The legendary Horseman restaurant was recently demolished. The flamboyant German owner sold the property, although he can still be seen driving around in his bright yellow Hummer. Not a thing remains of the original buildings, which were once the place to ‘see and be seen’. Rumor has it that a shopping mall is to replace it.

Karen dukas attracts quite the eclectic crowd. One would be hard-pressed to find more diversity in such a small setting. Virtually every social-economic level, along with numerous ethnic groups, is represented here.

White Kenyans, whose families have lived in Kenya three or more generations, strut around. With many of them keeping horses, they often wear riding boots with a matching attitude. Maasai women, fully decked-out in their traditional garb, sit on red plaid blankets with their legs straight out in front of them. While attempting to sell their beautiful handmade beaded trinkets, they work at stringing yet another belt or necklace under the hot sun. As is the case in virtually all of Kenya’s cities, many of the shops are owned by East Indians.

Hawkers, Beggars, Tourists, Big Shots, Missionaries, etc - Part 3

Kiuki sells strawberries

Dennis sells greeting cards that he makes himself
some of you have gotten them from me

Harold sells ladies' t-shirts

Dedan works for his uncle John, who I mention in the story

Energetic and enterprising hawkers sell any and everything – fresh produce, used clothing, shoes, hand-carved key holders, windshield wipers, handmade greeting cards, fresh-cut flowers, and dvds (one disc contains no less than two dozen pirated movies). Some are stationary; others roam around with their wares, acting as a sort of human mobile display case. They work hard, day after day, trying to earn their daily bread. One eye is keen for prospective customers, while the other one instinctively scans the horizon for NCC (Nairobi City Council) workers, on the prowl to fine or arrest them if they haven’t paid their daily fee.
Able-bodied, grown men unashamedly beg for coins. Truckloads of tourists grab last-minute supplies before heading into the “bush” on safari. One more than one occasion, I’ve seen big-shot politicians in the mix – their big fancy cars bearing a small Kenyan flag mounted on a front fender. Another car or two follows close by, with beefy body guards.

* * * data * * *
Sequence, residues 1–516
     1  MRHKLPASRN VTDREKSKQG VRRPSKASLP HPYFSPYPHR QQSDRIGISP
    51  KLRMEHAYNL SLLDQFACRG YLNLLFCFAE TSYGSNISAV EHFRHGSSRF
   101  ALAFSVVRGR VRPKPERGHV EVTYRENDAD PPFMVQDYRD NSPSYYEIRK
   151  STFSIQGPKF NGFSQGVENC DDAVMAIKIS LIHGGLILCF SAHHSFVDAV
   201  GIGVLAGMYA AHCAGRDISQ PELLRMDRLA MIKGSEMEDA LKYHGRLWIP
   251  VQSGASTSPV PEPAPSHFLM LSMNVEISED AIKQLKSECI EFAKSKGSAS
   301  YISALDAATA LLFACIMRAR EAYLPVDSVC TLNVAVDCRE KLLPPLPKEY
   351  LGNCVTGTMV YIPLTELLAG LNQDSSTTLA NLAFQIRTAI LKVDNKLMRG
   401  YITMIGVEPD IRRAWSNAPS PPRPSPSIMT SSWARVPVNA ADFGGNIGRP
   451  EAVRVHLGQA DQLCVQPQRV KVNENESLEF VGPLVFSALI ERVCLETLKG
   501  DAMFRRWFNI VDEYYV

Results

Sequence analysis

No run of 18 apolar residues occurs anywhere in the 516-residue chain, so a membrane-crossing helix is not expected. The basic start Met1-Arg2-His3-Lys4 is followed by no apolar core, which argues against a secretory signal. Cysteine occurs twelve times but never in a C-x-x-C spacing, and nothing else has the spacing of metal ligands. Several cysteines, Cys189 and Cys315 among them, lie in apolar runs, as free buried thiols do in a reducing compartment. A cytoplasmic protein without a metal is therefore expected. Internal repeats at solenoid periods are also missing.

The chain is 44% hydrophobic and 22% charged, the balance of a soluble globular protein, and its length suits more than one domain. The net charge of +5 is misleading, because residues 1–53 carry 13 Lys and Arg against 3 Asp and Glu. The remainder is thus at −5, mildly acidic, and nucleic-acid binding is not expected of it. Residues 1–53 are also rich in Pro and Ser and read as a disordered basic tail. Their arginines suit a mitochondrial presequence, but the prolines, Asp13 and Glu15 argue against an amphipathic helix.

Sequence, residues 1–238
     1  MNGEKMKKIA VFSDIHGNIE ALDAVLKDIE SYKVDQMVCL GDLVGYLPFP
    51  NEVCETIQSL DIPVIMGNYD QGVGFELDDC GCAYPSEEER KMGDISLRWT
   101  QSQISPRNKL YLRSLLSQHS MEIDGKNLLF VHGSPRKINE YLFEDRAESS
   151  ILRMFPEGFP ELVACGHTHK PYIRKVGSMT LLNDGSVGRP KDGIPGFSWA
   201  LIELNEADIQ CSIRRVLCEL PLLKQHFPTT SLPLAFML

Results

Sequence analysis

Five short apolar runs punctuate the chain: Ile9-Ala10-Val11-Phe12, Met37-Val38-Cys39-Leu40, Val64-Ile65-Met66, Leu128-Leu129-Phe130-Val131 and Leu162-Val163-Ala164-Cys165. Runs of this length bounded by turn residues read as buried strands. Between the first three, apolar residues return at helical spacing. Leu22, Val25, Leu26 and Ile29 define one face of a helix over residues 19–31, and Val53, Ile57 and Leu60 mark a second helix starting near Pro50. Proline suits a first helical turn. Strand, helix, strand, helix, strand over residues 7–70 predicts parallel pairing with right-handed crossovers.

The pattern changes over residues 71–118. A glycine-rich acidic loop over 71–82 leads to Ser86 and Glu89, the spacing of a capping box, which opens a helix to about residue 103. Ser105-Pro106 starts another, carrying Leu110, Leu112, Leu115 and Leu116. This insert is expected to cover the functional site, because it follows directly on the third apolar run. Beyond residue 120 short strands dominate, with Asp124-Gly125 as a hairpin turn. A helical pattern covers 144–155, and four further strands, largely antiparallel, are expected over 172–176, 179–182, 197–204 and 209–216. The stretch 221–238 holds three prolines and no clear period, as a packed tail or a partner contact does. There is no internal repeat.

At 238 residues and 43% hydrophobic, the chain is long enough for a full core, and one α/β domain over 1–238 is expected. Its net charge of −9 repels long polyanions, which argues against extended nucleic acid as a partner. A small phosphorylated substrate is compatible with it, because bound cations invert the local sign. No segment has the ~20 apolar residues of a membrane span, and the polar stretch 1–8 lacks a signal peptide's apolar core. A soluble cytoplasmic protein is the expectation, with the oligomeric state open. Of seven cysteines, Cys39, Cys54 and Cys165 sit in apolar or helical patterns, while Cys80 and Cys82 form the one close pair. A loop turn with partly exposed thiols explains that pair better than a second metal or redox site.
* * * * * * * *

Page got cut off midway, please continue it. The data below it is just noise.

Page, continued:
Short-term missionaries hunt for unique souvenirs at one of dozens of curio shops. Uniformed security guards laze away their 12-hour shifts, not doing much more than reading a newspaper or giving directions to newcomers to the area. It’s not unusual to see several nuns doing errands in their matching habits and dresses; they come from one of the many Catholic institutions in the surrounding area. A few times I’ve seen monks dressed in heavy black robes.
Of course, there’s the normal everyday mixture of black Kenyans. And to complete the mix… a hodge-podge of expats, like me.
At the end of the day, all these people that interact and do business together each retreat to their various homes – homes that span the spectrum. Some walk home to dingy mud and dung manyattas in rural settings. Their cattle, goats, children, and flies all mill around in the dust. Others bicycle home to sleep in 10x10-foot iron sheet hovels in densely-populated slums.
Many wearily squeeze into a matatu and take their evening meal (possibly only the second meal of the day) with their families in a hot, stuffy flat. A lucky few abide on vast manicured compounds. Pausing at their guarded gates, their drivers escort them down a tree-lined driveway. Once they step inside their beautiful multi-storied mansion, numerous other uniformed servants are at their beck and call.
To be sure, a cross-section of the depressing disparity seen all across Kenya congregates at Karen dukas.

Frozen Yogurt - Part 4

Peter sells the news with a smile

the "posta" (post office)

Karen Provision Store, as usual, with delivery trucks in front of it


Because of all the crowded hyper-activity, I don’t especially like going there. On this particular day, I didn’t feel well. I wanted to get my errands done and go home.

A few paces after alighting from the bus, Peter, my newspaper vendor saw me. He sells the daily news with a polite smile. As always, he quickly counted out my change, thanked me, and added - with just a slight pause - a simple but sincere, “You have a good day, huh?” Then he bounded off to the next customer.

A hawker acquaintance, selling sunglasses, greeted me. “G’morning, my friend”. One pair of hip-looking shades is always strategically propped on his head. Prominently displayed on his left arm are another dozen or so. He offered his right hand, giving me a wonderfully warm and hearty handshake.

A short stroll took me to the post office. Just as I approached the steps, in order to check my mailbox on the 2nd floor, I absent-mindedly passed by a man. He suddenly asked if I wanted his card. In mid-stride and turning to look back, I asked him why. By then he had already extended his arm towards me, with one of his cards in his hand. “I do computer repair and other things.” Bounding up the steps, I called back that I didn’t need one. Strange encounter, but then… this is Kenya.